The Opportunity Presented by Industrial Workforce Shortages

June 19, 2023
When advanced manufacturing projects are executed, existing employees gain new skills, take on higher value and more engaging work, and leave behind to automation the repeatable or mundane tasks they found disenchanting.

Spring and fall are traditional times for industry conferences. At these events we’ve talked about Industry 4.0, cybersecurity, digital transformation, IT/OT convergence, digital twins and the impact of AI, specifically ChatGPT and its use cases in industrial manufacturing.  Each of these topics is fascinating but one message has dominated my thoughts recently and I can’t quite shake it.

That thought is: How in the world are we going to execute on all these incredible advances in industrial manufacturing and automation without people?

Of course, using automation is the obvious answer.  But behind every robot or other automated system is an incredible amount of engineering ingenuity to create, design, build, program, install and maintain those systems.

Workforce shortages

Based on the daunting statistics we’ve been hearing for years now about the skills gaps and looming retirements of vast—often undocumented—institutional knowledge, it’s enough to keep anyone up at night wondering how in the world we’re going to get it all done.

But when I have momentary lapses of optimism about this, I am reminded that some of the solutions are right before our eyes and we’ve been exploring them for years.

Many years ago, when my now-grown sons were in late elementary and middle school, I wanted to get them involved in STEM activities, particularly robotics.  Finding none, I saw a need for programs to inspire young people in the areas of interest I had growing up.  That led me to help launch the inaugural FIRST (For Inspiration and Recognition of Science and Tehcnology) Lego League robotics competition in Nebraska in 2009-2010 in conjunction with our local Nebraska Extension (Nebraska 4-H) organization.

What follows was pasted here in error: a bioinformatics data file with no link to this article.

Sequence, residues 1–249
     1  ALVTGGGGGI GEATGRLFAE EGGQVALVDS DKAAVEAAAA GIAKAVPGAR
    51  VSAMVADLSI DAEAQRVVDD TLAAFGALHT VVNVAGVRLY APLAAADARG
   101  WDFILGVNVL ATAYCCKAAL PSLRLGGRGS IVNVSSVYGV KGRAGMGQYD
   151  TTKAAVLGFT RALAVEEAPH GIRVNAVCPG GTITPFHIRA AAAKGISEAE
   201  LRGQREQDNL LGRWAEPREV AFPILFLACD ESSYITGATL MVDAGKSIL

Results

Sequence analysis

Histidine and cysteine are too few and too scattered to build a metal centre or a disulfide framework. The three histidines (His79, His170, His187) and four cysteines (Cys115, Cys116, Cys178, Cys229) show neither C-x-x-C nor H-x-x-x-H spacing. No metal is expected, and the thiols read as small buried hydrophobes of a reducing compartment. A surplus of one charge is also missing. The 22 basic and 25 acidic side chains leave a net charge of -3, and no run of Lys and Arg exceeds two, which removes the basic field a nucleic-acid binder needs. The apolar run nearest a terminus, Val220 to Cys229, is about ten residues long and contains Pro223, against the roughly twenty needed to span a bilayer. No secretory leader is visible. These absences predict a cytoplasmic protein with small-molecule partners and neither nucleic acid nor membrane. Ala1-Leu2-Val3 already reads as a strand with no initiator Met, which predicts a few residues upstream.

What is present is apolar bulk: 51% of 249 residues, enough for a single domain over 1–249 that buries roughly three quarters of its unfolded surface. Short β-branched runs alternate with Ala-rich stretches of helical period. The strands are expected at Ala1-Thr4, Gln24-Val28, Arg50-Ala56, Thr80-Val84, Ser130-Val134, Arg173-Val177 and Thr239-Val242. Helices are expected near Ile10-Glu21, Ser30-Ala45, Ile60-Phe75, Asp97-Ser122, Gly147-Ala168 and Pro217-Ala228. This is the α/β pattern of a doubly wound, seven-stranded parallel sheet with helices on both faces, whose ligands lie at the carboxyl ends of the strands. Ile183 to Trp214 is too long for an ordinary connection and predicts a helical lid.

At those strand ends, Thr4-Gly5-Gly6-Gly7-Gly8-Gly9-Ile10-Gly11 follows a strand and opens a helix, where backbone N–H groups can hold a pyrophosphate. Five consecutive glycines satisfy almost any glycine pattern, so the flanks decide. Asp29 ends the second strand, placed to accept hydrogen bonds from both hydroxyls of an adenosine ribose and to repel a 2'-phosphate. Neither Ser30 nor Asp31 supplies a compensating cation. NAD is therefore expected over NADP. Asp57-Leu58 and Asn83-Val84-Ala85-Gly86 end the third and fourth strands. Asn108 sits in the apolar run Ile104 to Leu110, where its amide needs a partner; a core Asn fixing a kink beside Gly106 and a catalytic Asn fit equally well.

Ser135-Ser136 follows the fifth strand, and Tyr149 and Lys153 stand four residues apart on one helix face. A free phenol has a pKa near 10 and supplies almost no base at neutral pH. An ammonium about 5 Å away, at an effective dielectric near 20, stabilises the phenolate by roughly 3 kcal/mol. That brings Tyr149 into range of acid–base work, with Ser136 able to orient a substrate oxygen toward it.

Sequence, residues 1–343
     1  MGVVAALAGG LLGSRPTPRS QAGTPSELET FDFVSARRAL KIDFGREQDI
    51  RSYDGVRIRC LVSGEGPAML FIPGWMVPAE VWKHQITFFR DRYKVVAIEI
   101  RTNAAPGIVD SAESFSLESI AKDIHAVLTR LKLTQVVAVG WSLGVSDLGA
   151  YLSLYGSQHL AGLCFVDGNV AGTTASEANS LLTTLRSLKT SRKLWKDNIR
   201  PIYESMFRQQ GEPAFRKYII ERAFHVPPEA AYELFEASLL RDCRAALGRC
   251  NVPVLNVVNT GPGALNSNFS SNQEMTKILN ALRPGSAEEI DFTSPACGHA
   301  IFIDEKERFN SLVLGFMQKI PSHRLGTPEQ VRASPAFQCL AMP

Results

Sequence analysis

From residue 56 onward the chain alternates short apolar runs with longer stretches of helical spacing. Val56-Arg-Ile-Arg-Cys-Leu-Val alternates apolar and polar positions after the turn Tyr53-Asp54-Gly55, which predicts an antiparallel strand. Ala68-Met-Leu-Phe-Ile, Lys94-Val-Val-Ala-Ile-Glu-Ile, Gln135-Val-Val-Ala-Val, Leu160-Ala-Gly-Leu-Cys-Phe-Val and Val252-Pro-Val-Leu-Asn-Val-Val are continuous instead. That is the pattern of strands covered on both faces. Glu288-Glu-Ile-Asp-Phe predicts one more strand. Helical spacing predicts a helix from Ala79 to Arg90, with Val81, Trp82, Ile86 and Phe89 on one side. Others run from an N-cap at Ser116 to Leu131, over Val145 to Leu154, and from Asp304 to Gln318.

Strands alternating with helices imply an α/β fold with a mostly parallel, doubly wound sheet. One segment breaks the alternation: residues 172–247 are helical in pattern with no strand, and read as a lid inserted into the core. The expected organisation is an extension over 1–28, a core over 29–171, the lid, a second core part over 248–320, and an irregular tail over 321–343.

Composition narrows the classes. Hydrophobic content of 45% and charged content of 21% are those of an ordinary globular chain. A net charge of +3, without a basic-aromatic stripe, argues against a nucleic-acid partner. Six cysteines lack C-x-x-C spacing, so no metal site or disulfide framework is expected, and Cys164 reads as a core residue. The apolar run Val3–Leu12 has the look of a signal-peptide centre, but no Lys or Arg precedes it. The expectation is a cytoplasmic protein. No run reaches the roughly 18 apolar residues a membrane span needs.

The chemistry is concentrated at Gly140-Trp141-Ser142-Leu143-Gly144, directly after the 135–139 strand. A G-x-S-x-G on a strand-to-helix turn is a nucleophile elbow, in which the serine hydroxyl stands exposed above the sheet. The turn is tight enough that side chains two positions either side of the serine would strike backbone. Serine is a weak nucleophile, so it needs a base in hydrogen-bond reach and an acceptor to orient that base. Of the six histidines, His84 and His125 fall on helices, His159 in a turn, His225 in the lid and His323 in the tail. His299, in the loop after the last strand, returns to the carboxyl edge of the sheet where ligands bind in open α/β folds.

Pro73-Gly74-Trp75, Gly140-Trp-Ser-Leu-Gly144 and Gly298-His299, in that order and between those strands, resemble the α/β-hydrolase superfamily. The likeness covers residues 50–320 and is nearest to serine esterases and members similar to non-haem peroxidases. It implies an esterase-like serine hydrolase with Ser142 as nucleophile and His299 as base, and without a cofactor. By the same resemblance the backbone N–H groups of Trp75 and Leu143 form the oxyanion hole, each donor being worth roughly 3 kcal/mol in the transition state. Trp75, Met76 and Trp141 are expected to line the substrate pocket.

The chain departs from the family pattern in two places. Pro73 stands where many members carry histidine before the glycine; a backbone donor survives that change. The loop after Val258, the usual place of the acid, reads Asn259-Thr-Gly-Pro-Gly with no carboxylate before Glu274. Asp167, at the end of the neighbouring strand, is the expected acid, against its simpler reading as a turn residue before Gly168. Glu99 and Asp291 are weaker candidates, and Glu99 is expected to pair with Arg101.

Those initial robotics teams have graduated from FIRST Lego League to FIRST Tech Challenge. Students are excelling and competing around the world. Last month I met a team named Rebel Robotics from our home state of Nebraska who won the first place Think Award at FTC World’s competition among a field of 200 teams.

What a full circle moment and an honor it was to showcase what we’re doing as a company to help these bright young minds, knowing they are ready to take the world by storm and that I may have had a small part in fanning that flame of encouragement. It’s one piece of the puzzle, but STEM education and pouring time and resources into young people isn’t the only thing we need to be considering.

Out-of-the-box thinking

I continue to be surprised by some of the innovative thinking happening now in terms of proactively trying to fill the catastrophic gaps we know we’re about to face as an industry.  For example, Andrew Crowe, often referred to as the leader of the New American Manufacturing Renaissance, said (and I’m paraphrasing): I realized I worked in an industry of employers needing employees and I lived in a community of people needing work. I could be the bridge to connect the two.